‘Vote Remain together, for a new partnership with Europe’, ready for the future – in contrast to the empty ‘Vote Leave, take back control’ looking to the past. It wouldn’t have persuaded the vehement Leavers, but it might just have nudged us over the 50% line. Stronger In claim to have tested messages, but it sounds like they used conventional focus groups and online testing, not the co-creation and prototyping methods used by experience and service design teams to shape big innovation ideas.
Poor social conversation and no strong viral content
The parties mostly pumped out content in dull formats, failing to match the popular ‘Brexit – The Movie’ in digital sharing. They didn’t understand the need for conversation online to win over voters.
Where was the army of rapid response social media myth-busters, fact-checkers and EU enthusiasts? Where was our world-leading creative industry brought in to create an emotional idea that might stimulate viral content?
Instead, the embarrassing ‘youth-in’ video and several calls from the parties asking for more money. What for? Yet more home phone calls and bloody leaflets! Like a 1980s telethon.
Were there any clever viral parodies of Vote Leave’s logic? They mostly came after the vote.
We need to talk about the EU brand story. With 40 years of dodgy brand perceptions in the UK, fuelled by much of the print media’s banana-shaped myths, the EU needed to be re-positioned as a people’s brand – a pan European crowd solution to cross-border challenges and a high-tech global future.
Many people seemed to want to stay, but found it difficult to articulate why. We should have been talking about the ‘real’ people of Europe, pioneering mobile phone technology or building the Airbus consortium together. The strengths of our incredibly diverse academic, engineering and creative talent, brought together to take on global competition.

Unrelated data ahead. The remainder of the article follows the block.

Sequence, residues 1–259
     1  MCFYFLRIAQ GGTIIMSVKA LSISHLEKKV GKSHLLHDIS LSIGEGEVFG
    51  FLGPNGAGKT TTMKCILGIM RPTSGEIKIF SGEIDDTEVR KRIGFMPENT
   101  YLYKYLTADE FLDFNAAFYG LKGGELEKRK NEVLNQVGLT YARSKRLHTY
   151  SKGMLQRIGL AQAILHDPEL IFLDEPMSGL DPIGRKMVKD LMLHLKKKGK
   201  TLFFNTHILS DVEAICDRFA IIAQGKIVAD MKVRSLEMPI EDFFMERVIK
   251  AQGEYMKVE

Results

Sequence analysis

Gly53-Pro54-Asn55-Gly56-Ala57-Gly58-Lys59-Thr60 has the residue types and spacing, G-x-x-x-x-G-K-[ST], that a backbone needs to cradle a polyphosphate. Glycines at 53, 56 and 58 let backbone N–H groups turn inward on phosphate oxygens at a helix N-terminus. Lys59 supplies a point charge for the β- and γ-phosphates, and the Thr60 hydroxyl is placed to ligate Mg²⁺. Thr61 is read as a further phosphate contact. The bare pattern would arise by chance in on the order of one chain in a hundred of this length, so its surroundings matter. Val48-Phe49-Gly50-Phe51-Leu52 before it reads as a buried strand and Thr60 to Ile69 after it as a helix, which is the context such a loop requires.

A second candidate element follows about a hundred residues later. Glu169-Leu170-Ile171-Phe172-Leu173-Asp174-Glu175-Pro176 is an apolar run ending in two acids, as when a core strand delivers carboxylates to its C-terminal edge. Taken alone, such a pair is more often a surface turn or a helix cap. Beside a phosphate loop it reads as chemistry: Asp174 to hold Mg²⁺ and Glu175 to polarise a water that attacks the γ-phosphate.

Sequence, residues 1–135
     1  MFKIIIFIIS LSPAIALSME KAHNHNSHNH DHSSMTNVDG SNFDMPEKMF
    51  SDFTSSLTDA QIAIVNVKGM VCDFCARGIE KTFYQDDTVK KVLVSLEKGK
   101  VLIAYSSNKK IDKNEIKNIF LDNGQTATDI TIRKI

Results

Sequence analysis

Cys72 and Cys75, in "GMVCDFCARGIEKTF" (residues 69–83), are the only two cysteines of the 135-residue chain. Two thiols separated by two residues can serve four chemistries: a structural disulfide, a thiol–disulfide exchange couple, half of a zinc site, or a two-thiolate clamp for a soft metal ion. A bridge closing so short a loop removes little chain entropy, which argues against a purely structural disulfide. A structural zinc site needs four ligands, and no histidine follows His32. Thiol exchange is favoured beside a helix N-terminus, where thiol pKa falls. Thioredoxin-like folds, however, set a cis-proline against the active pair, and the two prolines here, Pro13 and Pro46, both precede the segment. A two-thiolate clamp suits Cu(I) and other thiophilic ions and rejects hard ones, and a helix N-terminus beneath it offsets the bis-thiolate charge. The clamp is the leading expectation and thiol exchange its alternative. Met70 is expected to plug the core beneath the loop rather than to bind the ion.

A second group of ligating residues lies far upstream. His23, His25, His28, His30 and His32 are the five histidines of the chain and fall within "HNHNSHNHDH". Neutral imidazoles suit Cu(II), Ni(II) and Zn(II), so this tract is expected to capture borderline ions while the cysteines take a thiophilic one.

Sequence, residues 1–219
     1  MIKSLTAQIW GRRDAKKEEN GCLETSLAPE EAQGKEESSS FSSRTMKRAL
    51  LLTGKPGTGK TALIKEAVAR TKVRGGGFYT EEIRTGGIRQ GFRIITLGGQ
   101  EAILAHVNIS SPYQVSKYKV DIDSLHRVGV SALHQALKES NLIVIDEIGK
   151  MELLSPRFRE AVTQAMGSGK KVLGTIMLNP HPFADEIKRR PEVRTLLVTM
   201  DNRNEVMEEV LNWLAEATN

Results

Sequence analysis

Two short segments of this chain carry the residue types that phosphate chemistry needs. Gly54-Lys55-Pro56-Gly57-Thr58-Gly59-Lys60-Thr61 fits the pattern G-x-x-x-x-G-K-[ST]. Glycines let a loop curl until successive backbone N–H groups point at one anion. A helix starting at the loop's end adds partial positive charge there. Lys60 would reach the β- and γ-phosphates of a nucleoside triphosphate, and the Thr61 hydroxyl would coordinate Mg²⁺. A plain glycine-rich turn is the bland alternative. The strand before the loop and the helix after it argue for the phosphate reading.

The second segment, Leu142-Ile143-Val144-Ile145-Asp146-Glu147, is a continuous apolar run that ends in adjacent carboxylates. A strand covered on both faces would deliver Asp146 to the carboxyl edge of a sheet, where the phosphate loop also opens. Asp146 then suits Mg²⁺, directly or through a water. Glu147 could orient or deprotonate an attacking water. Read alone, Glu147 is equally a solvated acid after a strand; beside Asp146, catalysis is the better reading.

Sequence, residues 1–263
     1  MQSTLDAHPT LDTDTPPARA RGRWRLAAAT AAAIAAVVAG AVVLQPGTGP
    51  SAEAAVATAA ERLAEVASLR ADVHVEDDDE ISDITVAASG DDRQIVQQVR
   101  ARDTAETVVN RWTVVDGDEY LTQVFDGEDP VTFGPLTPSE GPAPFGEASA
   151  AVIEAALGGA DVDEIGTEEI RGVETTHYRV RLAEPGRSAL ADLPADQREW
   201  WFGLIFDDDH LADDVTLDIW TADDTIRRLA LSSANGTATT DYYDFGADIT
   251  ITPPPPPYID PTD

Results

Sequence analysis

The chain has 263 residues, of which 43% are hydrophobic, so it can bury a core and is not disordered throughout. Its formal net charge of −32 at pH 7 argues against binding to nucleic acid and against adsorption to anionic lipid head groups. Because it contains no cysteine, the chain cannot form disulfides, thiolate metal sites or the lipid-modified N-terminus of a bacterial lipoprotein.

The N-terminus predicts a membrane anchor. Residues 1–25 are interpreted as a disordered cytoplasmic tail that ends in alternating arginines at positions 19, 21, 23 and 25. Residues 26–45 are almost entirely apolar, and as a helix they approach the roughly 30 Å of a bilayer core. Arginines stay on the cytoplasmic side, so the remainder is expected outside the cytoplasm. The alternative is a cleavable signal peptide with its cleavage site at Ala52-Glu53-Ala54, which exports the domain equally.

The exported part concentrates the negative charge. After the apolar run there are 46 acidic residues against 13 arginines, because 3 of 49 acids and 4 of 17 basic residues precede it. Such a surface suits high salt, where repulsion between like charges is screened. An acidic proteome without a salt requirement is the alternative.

The EU identity should have been embraced, with the UK nations and EU symbols shown as complementary, not as an in/out, either/or decision – English, British and European symbols together.
‘No man is an island, no country by itself’ on a t-shirt was the closest we got to powerful emotional messages around European unity. We certainly didn’t need the lazy brand tactics of usual suspect celebrities. Nor endless academics writing letters together (is it 1816?).
Weak leadership and organisation
The leading Remain party leaders stood together like CEOs of some brand mega-merger, trying desperately to reassure that everything would be alright, but not quite knowing who was in charge of the awkward new Stronger In corporate brand and fearing that none of their staff was buying into the plan.
In early debates they got across the risks about the economy, but missed the point that people had heard it all before. After a decade of enduring a wobbly economy they didn’t cause, but were asked to take the hit for, many voters didn’t think they had much more to lose. They doubted the leadership wisdom from the top of Big Business and its perceived excesses. And they wanted to blame someone.
They’d been told by the newspapers that Brussels was interfering, and UK and EU law-making facts had never really been on the school curriculum, so why shouldn’t they believe their money was being wasted on projects that benefitted other people? This is what we were hearing consistently in local campaigning. People wanted to hear a positive vision for why we should stay.
Leaders were slow on the counter attack. They not only lacked passion and consistency but they took on Leave lies much too late. Broadcast media seemed to be so concerned to avoid bias that factual errors about how the EU worked were left unchallenged. We pointed people to independent fact-checking websites, but we were always challenged, Trump post-truth style, that these were funded by the EU.
We felt a turn back towards Remain in the last week, once smart rebuttals were communicated. But by this point many people had already sent in their Leave postal votes. Particularly older voters.
Stronger In claimed to have a smart voter targeting database, but we didn’t see any evidence until the day before the vote. And it didn’t seem to provide any useful intelligence beyond priority streets for more door-knocking. Hardly the stuff of innovative marketing, the campaign strategy seemed design for electoral constituencies, not creating a mass movement vote.